Let’s Talk Food: The popularity of Greek yogurt


I can remember coming back from a trip to Spain a few years ago, complaining that the yogurt at the market here can’t come close to the yogurt I had every morning, served in a ceramic container. It was creamy, thick and wonderful. I even brought back the individual ceramic containers, about 12 of them, in hopes of figuring out how to make this wonderful yogurt.

In 2005, Hamdi Ulukaya probably had the same thought. He found a yogurt-making plant for sale, and with the help of the Small Business Administration, bought the facility for $1 million dollars and started the Chobani brand of Greek yogurt. Hamdi, son of a Kurdish farmer from Turkey, named his company after the word which means shepherd in Turkish and Greek.

He sold his first Chobani Greek yogurt that year and today has 38 percent of the Greek yogurt sales and 19 percent of the entire yogurt sales in the U.S. This translates to over $1 billion in sales.

So what is Greek yogurt? It is yogurt that has the liquid whey, lactose and sugar removed to produce a thick consistency. One 6-ounce serving of Greek yogurt has about 15-20 grams of protein, which equals to the same amount of protein in a 3-ounce piece of meat.

A six ounce serving of Greek yogurt has about 20 percent of the recommended daily need for calcium.

Since much of the lactose has been removed during straining, most people with lactose intolerance are usually able to tolerate Greek yogurt.

The live bacterial cultures in Greek yogurt that helps with digestion is also a great reason to eat Greek yogurt.

In the Middle East, they found straining their yogurt created an ingredient with a high enough fat content to avoid curdling during cooking. In Turkey it is called “suzme yogurt,” which means “strained yogurt” and in Greece, it is called “straggisto giaourti” and is the principle ingredients to make tsatziki. In India, Greek yogurt is the base to make “raita” which is a side condiment to eat with their sometimes hot dishes. It balances off the dish with its rich creaminess.

The popularity of Greek yogurt does not come without some concerns. This segment of the yogurt business just skyrocketed and the huge quantities of liquid whey became a problem to dispose of. The great possibility of polluting the waterways and depleting the rivers of oxygen are a current concern and the companies are trying to address that problem. If you have ever strained regular yogurt, you can see that amount of liquid whey multiplied millions of times and can understand the potential environmental impact!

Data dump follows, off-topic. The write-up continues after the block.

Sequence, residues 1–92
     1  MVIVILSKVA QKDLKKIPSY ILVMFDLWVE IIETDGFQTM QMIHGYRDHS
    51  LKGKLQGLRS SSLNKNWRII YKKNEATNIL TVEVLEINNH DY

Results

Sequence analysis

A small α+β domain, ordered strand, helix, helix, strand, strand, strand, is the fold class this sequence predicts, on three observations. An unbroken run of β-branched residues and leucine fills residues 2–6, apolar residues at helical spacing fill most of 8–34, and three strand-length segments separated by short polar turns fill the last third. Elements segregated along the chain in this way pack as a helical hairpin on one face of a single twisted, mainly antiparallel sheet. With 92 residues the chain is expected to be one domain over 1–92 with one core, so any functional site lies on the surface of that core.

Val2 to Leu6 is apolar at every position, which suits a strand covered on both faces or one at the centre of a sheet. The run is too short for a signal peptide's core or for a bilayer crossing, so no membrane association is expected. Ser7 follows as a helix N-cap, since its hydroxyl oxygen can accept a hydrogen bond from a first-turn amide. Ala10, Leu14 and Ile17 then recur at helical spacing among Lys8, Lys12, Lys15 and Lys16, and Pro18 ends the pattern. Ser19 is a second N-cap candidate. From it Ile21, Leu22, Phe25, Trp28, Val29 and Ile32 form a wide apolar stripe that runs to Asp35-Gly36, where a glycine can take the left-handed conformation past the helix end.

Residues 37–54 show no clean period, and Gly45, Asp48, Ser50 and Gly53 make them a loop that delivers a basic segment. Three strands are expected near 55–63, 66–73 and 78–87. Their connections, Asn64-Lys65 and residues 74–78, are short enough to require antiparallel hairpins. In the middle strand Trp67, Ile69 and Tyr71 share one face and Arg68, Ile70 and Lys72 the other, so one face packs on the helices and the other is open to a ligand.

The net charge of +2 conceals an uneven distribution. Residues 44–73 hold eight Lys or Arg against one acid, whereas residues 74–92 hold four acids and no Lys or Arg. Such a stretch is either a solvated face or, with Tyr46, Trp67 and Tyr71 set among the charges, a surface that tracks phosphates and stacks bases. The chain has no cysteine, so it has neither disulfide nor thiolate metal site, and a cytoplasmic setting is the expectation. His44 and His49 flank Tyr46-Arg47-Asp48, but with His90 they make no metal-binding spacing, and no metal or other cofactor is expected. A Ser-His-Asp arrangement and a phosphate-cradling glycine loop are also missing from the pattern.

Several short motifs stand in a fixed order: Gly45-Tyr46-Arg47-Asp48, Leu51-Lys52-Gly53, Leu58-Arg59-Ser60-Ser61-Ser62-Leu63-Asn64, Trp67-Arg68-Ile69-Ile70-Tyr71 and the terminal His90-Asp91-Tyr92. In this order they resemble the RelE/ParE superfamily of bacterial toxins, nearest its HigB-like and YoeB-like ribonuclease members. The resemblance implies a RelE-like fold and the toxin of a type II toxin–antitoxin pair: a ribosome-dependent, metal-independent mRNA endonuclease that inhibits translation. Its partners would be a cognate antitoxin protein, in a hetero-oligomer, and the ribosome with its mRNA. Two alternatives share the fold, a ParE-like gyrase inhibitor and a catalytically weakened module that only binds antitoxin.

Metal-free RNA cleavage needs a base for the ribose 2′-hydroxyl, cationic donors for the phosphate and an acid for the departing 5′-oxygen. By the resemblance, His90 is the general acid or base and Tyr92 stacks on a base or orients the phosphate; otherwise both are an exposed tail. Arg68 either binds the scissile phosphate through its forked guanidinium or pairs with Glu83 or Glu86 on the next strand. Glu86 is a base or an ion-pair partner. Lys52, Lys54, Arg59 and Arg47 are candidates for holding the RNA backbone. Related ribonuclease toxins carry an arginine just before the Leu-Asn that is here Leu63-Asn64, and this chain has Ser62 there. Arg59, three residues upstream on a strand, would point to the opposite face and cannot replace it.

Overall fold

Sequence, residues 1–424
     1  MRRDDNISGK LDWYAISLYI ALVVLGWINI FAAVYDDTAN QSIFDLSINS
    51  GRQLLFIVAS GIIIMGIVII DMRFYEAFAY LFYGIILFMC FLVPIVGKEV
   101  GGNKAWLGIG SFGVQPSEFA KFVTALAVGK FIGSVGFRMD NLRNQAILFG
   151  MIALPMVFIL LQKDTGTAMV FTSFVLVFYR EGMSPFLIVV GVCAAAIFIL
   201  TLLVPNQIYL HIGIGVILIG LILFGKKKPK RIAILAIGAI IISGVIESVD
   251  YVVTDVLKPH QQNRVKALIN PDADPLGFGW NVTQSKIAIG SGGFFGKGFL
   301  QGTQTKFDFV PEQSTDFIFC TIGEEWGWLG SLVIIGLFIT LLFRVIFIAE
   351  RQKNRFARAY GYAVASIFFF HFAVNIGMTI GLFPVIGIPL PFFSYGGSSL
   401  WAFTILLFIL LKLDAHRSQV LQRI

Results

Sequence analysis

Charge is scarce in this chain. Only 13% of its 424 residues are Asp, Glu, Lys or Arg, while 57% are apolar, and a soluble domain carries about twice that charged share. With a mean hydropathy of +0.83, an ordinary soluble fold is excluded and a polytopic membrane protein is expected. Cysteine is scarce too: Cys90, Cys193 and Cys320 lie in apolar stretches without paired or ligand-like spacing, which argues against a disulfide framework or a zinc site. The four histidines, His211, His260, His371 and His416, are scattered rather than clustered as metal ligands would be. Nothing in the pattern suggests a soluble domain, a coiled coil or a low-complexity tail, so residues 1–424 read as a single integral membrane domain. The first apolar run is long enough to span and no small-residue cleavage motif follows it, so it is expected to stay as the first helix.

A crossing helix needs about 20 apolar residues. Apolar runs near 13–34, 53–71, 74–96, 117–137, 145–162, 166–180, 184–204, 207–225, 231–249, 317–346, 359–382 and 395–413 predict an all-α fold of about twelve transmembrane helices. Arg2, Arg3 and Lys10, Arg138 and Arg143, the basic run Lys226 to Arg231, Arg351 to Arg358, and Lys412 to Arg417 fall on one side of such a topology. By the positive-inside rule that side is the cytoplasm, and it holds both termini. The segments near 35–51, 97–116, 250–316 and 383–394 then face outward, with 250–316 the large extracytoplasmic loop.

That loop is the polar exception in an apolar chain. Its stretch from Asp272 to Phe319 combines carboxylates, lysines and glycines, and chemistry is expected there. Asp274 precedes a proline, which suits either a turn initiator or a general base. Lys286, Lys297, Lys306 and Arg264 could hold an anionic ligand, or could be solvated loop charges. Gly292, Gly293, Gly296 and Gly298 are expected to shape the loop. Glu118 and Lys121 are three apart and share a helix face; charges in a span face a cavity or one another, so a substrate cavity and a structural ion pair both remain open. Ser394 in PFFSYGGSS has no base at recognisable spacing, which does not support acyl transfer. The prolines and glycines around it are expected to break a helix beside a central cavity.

The companies looked at making whey feed for animals but the amount needed for feed is not enough to address the problem.

Let’s hope that research and development comes up with a solution to this problem as I don’t think I am willing to give up my Greek yogurt just yet.

Here is my favorite Indian raita recipe. The yogurt must be very thick and not running as the proper way to eat Indian food is scooping it with your fingers (right hand) and swirling it around the dahl or malli char before you eat it.

Raita

Mix together in a bowl:

1 quart thick plain Greek yogurt

2 Japanese or English cucumbers, seeded and cut into small dice

2 tomatoes, seeded and cut into small dice

2 teaspoons gingerroot, grated

2 tablespoon cilantro, chopped fine

Small Bites:

Reading labels is essential when purchasing Greek yogurt as not all are created equally.

Modified corn starch, carrageenan, or guar gum are thickeners that are added to create a thicker yogurt. Greek yogurt should be just strained of its liquid whey. If gelatin has been added, then it is no longer vegetarian. When buying fruit Greek yogurts, if the ingredient carmine is added, it is the natural dye from the body of beetles, to make the yogurt have a reddish fruity color, it is also not deemed vegetarian.

Fage Full Fat Greek yogurt has 16 grams of fat, which is like eating three Snickers bars! Most other Greek yogurts have about 7 grams of fat.

Foodie Bites

Watch for the opening of Lam’s Chinese and Vietnamese Restaurant in the former New Star Restaurant at 172 Kilauea Ave. Sang Lam owned a Chinese restaurant in Orlando, Fla. He came to Hilo seven years ago and grew Okinawa sweet potatoes. His passion for cooking got the better of him and he is anxiously awaiting Department of Health and insurance clearances to open his doors.

Ryan Kadota of Kadota’s Liquors will be holding a kick-off event of June 5 to introduce Dobel’s tequila in a French oak barrel that he purchased on a recent trip to Mexico. Prior to the event, there will be an educational tasting. Please call Ryan at 935-1802 for details.

Please feel free to email me at wilson.audrey@hawaiiantel.net if you have questions.

 

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